This year renal cancer will cause the death of seven thousand Americans (1). This figure fails to diminish yearly because of the lack of a successful adjunctive therapy that can be employed in the management initially developed from the observation that an experimentally induced renal adenocarcinoma in the Syrian golden hamster could successfully be treated with progestational agents and androgens (3-6). Indeed, human studies rapidly followed in which a 25 per cent response to endocrine therapy was reported (7,8). However, with the passage of time, enthusiasm has dwindled as have the results. In series reported since 1971, for example, only 2 per cent of patients are reported to respond to endocrine therapy (2). Nonhormonal chemotherapy has been attempted in the treatment of renal cell carcinoma; the initial studies were usually conducted in relatively small patient populations with near uniformity of poor results regardless of whether the agents were used singularly, in combination, or in conjunction with hormone therapy. Untreated Stage D renal cell cancer has a 70 per cent one-year mortality and, except for a very few select cases, the five-year survival is close to 0 (15-17). For this reason, physicians are reluctant to place patients on unproven and, in many cases, disproven toxic chemotherapy protocols that may not substantially increase the length of survival but will decrease the quality of their patients' lives. Although extrapolation of results from animals to humans is always fraught with danger with any tumor in which the response to clinical chemotherapeutic intervention is so poor, it would be preferable to test different treatment protocols in an animal model before conducting human studies. In the case of renal cancer, an ideal tumor model should (i) arise spontaneously, (ii) be pure adenocarcinoma histologically (iii) have a predictable growth rate, (iv) have the capacity to metastasize, and (v) have the ability to grow and metastasize without hormonal dependence (as is the case in the majority of human renal cancers). A few years ago we discovered a spontaneously-arising renal adenocarcinoma in the male Wistar-Lewis rat which seemed to possess all of these characteristics. Therefore, we thought this tumor might serve as a suitable model for testing chemotherapeutic agents in a murine system before we conducted human trials.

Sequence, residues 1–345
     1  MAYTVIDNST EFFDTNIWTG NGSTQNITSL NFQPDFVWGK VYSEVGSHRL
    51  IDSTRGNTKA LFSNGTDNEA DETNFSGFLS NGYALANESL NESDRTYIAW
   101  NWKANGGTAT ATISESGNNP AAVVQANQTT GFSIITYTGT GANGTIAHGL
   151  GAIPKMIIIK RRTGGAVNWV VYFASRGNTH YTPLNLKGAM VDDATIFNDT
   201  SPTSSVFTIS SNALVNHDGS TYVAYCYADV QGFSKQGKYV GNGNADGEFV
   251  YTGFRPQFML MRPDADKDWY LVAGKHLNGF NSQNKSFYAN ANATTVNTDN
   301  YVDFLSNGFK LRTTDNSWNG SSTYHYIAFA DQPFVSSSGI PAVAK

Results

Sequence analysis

|Original language||English (US)|
|Number of pages||8|
|State||Published - 1980|
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